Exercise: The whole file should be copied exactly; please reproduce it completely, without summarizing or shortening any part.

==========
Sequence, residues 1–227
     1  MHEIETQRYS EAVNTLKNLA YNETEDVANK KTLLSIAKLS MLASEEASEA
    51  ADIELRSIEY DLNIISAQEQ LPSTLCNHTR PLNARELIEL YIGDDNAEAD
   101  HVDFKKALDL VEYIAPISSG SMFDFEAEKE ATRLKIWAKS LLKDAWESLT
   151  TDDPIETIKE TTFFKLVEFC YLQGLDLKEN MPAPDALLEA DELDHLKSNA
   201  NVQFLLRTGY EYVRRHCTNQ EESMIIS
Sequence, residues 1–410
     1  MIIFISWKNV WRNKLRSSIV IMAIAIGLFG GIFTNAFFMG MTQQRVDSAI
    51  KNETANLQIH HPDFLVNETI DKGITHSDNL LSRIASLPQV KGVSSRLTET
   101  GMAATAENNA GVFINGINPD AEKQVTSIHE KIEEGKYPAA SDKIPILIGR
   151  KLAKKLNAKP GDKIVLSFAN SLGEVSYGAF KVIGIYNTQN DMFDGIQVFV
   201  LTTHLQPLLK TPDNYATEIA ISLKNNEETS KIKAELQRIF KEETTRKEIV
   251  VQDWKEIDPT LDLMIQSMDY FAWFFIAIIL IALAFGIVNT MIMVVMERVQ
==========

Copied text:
Sequence, residues 1–227
     1  MHEIETQRYS EAVNTLKNLA YNETEDVANK KTLLSIAKLS MLASEEASEA
    51  ADIELRSIEY DLNIISAQEQ LPSTLCNHTR PLNARELIEL YIGDDNAEAD
   101  HVDFKKALDL VEYIAPISSG SMFDFEAEKE ATRLKIWAKS LLKDAWESLT
   151  TDDPIETIKE TTFFKLVEFC YLQGLDLKEN MPAPDALLEA DELDHLKSNA
   201  NVQFLLRTGY EYVRRHCTNQ EESMIIS
Sequence, residues 1–410
     1  MIIFISWKNV WRNKLRSSIV IMAIAIGLFG GIFTNAFFMG MTQQRVDSAI
    51  KNETANLQIH HPDFLVNETI DKGITHSDNL LSRIASLPQV KGVSSRLTET
   101  GMAATAENNA GVFINGINPD AEKQVTSIHE KIEEGKYPAA SDKIPILIGR
   151  KLAKKLNAKP GDKIVLSFAN SLGEVSYGAF KVIGIYNTQN DMFDGIQVFV
   201  LTTHLQPLLK TPDNYATEIA ISLKNNEETS KIKAELQRIF KEETTRKEIV
   251  VQDWKEIDPT LDLMIQSMDY FAWFFIAIIL IALAFGIVNT MIMVVMERVQ